‘My main aim is to be a Grandmaster but before that my first aim is the candidate master title,’ said 12-year-old Indian School Wadi Kabir student Jijo Joy, who has already made a name for himself globally in chess. Having discovered his passion for chess at the age of six, he enrolled himself in the International Chess Academy of Oman when he was nine. Since then Jijo has honed his skills and shown the world what he is capable of in terms of the game.
“I am a chess player with a standard FIDE rating of 1970. I have played around 20 FIDE tournaments and some rapid and blitz tournaments in many countries,” he said explaining that FIDE stands for World Chess Federation, which is recognised by the International Olympic Committee.
Jijo has already managed to bag a considerable amount of respect for his handwork and skill from fellow chess players after his constant achievements and unstoppable winning spree. “In 2015, I was placed third in the Under-16 category at the 22nd Abu Dhabi Chess festival tournament. In 2016, I was first in the Under-11 at the Robert Fischer Memorial Chess Tournament. In 2017, I won the first U-16 in Spain and was third in the Qatar gas tournament.” Jijo added that he has participated and won numerous chess tournaments locally in Oman as well, irrespective of the age category.
“I have played in many tournaments in Ibri, Salalah, Seeb, Ruwi, and Sohar.” Jijo doesn’t just have a strong FDE rating, but also holds a strong rank, ensuring that not too many people are better than him in the game, especially in his home country, India.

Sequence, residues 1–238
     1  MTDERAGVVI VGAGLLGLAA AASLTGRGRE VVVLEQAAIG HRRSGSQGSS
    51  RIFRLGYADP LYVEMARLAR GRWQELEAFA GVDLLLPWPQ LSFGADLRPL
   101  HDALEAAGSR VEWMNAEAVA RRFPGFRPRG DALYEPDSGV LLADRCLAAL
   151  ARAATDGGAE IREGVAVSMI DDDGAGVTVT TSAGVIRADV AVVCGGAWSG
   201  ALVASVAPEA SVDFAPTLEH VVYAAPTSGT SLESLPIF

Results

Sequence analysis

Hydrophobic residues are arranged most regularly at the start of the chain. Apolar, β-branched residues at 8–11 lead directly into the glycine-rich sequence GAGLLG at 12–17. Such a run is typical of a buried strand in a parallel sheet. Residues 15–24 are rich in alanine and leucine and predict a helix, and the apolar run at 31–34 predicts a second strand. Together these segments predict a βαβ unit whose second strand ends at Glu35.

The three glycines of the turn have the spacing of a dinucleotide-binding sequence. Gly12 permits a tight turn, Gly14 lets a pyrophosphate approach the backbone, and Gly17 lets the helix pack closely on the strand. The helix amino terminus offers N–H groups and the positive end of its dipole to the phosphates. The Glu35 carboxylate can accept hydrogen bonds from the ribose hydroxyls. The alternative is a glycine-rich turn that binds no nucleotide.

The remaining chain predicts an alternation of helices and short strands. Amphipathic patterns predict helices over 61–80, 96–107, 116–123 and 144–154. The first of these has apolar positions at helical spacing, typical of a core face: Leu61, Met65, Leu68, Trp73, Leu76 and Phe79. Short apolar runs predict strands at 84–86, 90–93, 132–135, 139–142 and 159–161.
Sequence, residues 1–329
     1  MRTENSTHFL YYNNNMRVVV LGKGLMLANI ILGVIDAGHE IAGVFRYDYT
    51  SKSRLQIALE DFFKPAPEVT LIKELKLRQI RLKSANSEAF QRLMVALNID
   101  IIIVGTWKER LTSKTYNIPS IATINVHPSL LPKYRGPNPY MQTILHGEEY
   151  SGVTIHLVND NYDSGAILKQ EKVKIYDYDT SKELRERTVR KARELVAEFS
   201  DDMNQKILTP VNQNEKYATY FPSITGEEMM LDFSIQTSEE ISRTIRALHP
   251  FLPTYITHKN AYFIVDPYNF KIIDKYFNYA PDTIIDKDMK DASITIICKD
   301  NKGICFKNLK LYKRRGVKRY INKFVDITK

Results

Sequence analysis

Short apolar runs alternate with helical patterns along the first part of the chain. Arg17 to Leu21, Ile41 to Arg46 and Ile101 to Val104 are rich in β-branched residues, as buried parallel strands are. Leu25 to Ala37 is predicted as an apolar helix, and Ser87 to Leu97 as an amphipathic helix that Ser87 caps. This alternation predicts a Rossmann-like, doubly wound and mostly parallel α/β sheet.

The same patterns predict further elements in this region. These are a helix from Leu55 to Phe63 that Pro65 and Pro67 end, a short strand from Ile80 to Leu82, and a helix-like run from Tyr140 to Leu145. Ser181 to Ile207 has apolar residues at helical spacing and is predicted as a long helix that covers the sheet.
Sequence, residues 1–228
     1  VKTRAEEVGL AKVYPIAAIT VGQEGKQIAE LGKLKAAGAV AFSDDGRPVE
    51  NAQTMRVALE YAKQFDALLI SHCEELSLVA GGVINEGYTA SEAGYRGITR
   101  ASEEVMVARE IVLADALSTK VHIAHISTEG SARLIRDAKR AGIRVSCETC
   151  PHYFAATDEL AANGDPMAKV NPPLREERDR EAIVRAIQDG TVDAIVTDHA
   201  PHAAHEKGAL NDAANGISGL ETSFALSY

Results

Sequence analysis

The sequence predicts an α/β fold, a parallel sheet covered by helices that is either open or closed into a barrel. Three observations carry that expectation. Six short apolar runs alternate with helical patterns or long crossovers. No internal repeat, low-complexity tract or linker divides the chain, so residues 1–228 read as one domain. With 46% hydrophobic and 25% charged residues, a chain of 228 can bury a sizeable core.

“As per September FRL, I am the first in U-12 Kerala and hold the 17th rank in India.” He added, “My rating went up from 1647 to 1970 (323) in this very short period, making me one of the best increase ratings in the world for the same period (July to August 2017)”.
In order to reach his ultimate goal of becoming a Grandmaster and receiving the candidate master title before that, Jijo needs an FIDE rating of 2200. “My rating now is 1970 so I want a good individual coach and the opportunity to play many classical FIDE-rated tournaments to reach my aim.” He added, “At present there are no classical tournaments in Oman”.
Since he started pursuing chess six years ago, for the first three years, Jijo learnt the techniques and practiced the skills on his own. His parents, along with some help from local clubs in Oman, have been supporting him all along, but after having proved his talent time and time again, it has become clear that he is a level above and is capable playing chess professionally.
World renowned players such as Vishwanathan Anand and others have vouched for his talent. “To fulfil my dream, I have to play many good tournaments to increase my ratings. I also need individual coaching and thus long-term financial support (sponsorship). Without sponsorship I cannot fulfil my dream,” said the 12 year-chess champion.
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